Toddlers May Bite or Get Bitten By Other Children

Parenting September 14, 2009 Print Friendly and PDF

Parenting Tips for Your 15-16 Month Old Toddler

What do you do when your toddler suddenly starts biting others? Believe it or not, biting is very common for 1 and 2 year olds. Children bite for many different reasons. The best way to handle the biting depends on why your child is doing it.

Here are some of the most common reasons toddlers bite other people.

  • Exploration. Your child may not know the difference between exploring with her mouth, like when she chews on a toy, and biting another person.
  • Teething. When your child is cutting a new tooth, her gums may be swollen and painful. Biting something may stop the pain.
  • Learning cause and effect. Toddlers learn that their actions have results. A child who bites sees that biting hurts other people.
  • Frustration. Most 1-2 year olds don’t have the words to explain what they want. If they get frustrated, they may lash out by biting.
  • Attention. Biting gets a big reaction from parents. A child who is feeling ignored may bite to get her parents’ attention, even if the attention is negative.
  • Power. Toddlers want power and control over their lives. Biting is a way to get the toy they want. The other child drops the toy after getting bitten.
  • Imitation. Young children learn by watching others. If your child sees another child bite, she may decide to try it herself.

So how do you handle your child’s biting?

  • Don’t spank, yell, or bite your child back. Your child won’t understand why you’re doing these things, and won’t learn better ways to handle problems.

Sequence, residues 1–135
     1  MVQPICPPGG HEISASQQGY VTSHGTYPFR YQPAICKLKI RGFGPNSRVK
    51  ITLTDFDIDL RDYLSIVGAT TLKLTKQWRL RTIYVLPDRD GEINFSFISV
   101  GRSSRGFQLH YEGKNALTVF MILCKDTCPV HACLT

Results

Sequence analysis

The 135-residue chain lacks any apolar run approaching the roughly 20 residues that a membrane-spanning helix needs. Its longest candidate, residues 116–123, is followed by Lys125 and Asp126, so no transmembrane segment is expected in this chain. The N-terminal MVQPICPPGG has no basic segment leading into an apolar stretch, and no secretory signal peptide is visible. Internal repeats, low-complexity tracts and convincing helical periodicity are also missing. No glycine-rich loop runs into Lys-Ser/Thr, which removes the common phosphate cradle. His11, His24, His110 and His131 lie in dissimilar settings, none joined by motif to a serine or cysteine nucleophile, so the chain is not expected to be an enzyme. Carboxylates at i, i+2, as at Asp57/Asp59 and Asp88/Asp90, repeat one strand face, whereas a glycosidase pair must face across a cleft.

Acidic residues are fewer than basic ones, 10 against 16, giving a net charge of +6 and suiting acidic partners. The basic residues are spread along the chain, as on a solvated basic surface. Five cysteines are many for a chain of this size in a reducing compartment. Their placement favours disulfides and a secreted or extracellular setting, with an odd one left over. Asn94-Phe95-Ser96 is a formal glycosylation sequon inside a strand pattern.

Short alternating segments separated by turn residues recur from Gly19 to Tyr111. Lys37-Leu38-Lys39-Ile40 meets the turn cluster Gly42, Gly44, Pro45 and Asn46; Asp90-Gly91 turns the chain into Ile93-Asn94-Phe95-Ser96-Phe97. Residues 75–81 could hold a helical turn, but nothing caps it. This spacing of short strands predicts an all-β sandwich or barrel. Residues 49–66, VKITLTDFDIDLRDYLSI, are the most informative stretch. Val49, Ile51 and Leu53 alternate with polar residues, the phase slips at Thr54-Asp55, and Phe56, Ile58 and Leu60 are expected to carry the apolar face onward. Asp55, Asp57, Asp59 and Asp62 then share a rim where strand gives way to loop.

• Prevent biting by keeping teething rings and other safe toys on hand when your child is getting a new tooth.
  • Give your child plenty of attention during quality time together, so she won’t need to bite to get your attention.
  • Cut down on your child’s stress, and keep her routine regular and predictable. Reduce her frustration and increase her feelings of control.

If your child tends to bite a specific child, watch her very closely around that child so you can stop the biting before it starts.

If your child does bite someone, stay calm. Remove her, and comfort the child who was bitten. Tell your child, “Biting hurts. It’s not okay to bite.” Teach the biter words to describe her feelings. Encourage her to say, “Give me back my toy!” instead of biting.

What if your child gets bitten? Seeing a bite mark on your child’s skin is upsetting. Wash the bite mark with soap and water; place a cold pack on the bite if your child wants it. The mark will go away in a few days.

Give your child the words to describe his feelings. You might say, “It hurts when someone bites me.” Biting is a phase for most toddlers. They outgrow it quickly as they learn better ways to express themselves and get what they want without biting.

Learn more about Your Toddler: 15-16 Months from Just In Time Parenting. You can also go to our Resource Links for additional information on child care and development.

Note to Parents: When reading this newsletter, remember: Every baby is different. Children may do things earlier or later than described here. This newsletter gives equal space and time to both sexes. If he or she is used, we are talking about all babies.
References: These materials were adapted by authors from Extension Just in Time Parenting Newsletters in California, Delaware, Georgia, Iowa, Kentucky, Maine, Tennessee, Nevada, New Hampshire, New Mexico, and Wisconsin.


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This work is supported by the USDA National Institute of Food and Agriculture, New Technologies for Ag Extension project.